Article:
• Once you’ve done all the aforementioned preparations, it’s time to have your recruiters be on the hunt for the right job for you!
  • Keep in mind, many companies may have the same jobs. So it’s best to have them tell you about the potential job and ask you before they submit your profile for consideration. It’s best not to let more than one company submit you for the same job.
  • Weigh your options if you’re presented with a bunch of jobs, because once you’re submitted for a job, things move quickly. If they proceed with an interview, then they’ll want a decision within usually 24-48 hours. This means that you generally won’t have time to tell them to wait while you consider a different job. Choose wisely!
Step 9: Once your recruiter(s) have presented you with some good potential job options:
  • Do some research about the facility and the area.
  • Have a phone interview with the facility.
  • Get an idea of whether you’ll be able to find housing in the area.
  • If they offer you a job, look at the contract offered and consider the pay package, cancellation policy, start and end dates, reimbursements specified, and time off requests.
    • You’re welcome to contact us and we’ll review potential pay packages for you and look for red flags for you.
  • Decide whether to accept the job!
Step 10: Begin your travel therapy journey!
  • Once you have a signed contract, it’s time to start making plans to pack up, move to your assignment location, set up housing, and get ready to start your travel job!

To get connected with the best travel therapy recruiters, personalized for you based on your preferences, fill out our Recruiter Recommendation form. This is a free service!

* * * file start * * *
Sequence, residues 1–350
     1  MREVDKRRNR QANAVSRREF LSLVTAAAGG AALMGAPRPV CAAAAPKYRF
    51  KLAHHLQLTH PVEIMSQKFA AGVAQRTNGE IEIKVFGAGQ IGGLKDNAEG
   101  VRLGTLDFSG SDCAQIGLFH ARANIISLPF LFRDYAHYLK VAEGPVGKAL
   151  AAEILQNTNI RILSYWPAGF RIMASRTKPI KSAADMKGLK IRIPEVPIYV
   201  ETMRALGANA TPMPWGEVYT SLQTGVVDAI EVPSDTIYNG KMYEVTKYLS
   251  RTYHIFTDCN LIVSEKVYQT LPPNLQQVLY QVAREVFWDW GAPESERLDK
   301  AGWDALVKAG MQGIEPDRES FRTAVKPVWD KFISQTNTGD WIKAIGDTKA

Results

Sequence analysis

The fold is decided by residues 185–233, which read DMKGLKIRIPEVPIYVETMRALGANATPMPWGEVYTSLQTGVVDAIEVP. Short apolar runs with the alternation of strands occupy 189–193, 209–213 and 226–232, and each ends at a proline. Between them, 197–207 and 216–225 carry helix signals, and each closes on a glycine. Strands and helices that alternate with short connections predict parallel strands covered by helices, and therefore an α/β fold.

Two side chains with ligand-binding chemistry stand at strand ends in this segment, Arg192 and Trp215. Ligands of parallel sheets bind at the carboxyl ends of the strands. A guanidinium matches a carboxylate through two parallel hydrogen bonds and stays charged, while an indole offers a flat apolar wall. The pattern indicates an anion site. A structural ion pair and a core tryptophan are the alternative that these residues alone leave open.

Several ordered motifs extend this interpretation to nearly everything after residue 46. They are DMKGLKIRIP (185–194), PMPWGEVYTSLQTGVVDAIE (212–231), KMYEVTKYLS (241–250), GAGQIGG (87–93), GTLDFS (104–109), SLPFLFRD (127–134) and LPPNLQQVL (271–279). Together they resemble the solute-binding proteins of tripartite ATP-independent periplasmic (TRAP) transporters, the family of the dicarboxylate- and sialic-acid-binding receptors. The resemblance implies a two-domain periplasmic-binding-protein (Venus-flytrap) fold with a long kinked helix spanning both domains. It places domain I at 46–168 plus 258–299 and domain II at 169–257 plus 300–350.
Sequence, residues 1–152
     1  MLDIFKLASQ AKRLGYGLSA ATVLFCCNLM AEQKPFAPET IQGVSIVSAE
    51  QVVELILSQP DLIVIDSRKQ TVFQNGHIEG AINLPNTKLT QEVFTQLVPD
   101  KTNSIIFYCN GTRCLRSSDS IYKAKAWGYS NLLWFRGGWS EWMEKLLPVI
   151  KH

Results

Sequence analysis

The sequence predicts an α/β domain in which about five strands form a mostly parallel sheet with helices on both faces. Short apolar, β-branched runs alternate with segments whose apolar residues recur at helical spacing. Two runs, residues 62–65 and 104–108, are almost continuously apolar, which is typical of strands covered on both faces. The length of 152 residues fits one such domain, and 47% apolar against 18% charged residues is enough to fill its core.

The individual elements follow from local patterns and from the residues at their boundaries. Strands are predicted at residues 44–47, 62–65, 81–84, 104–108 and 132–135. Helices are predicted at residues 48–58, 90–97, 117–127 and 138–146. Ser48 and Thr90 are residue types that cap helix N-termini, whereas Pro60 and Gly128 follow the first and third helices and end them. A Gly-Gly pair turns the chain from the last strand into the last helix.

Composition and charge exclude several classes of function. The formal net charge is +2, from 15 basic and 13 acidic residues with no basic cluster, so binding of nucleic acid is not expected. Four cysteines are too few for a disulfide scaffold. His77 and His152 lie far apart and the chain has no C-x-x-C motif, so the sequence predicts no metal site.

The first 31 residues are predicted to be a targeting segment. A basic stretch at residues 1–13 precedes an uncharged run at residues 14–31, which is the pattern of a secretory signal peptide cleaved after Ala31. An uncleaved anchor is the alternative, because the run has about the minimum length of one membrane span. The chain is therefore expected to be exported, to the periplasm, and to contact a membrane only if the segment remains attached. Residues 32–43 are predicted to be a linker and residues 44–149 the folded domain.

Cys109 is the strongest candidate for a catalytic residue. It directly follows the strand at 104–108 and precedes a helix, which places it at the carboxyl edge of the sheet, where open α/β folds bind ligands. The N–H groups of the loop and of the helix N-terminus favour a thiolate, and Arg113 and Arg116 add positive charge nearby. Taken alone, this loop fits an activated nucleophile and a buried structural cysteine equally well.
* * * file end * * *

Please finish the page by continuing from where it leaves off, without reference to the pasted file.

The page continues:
To learn more about the basics of travel therapy, check out our Travel Therapy 101 Series.

Still have more questions about the process to becoming a traveling therapist? Send us a message and we’d be happy to help you!

Whitney Eakin headshot

Written by Whitney Eakin, PT, DPT, ATC – Whitney has been a traveling physical therapist since 2015

14 thoughts on “The Ultimate Guide to Getting Started as a Travel Therapist

  1. I just really appreciate your newsletter! It has been so helpful guiding me in this process! I am a 5 year perm, married 2 years and we are wanting to hit the road before kids come. I am scared to say the least! So thank you for your time and work with this!

  2. Great article guys! Just wondering how you navigate benefits such as health and 401K when you work for different recruiters ? I feel like I need to stick with 1 recruiter/employer to get the best out of a 401K deal.

    1. When on contract we always go with the health insurance offered by whichever company we’re working with at the time. That means switching insurance often if we change companies but really hasn’t been much hassle for us. You can always go through the marketplace or get an off market plan though. This article should help when looking at all the options.

      As far as 401k, it depends on how much you plan to contribute each year. If it’s less than $6,000 then you’re probably better off just going with a traditional IRA instead. Since our taxable pay is pretty low anyway the match doesn’t make a huge different and most companies have a long vesting period anyway. This article goes more in depth on my thoughts regarding retirement plans as a traveler.

      I wouldn’t let either of those things deter you from switching companies for better job opportunities or higher pay though!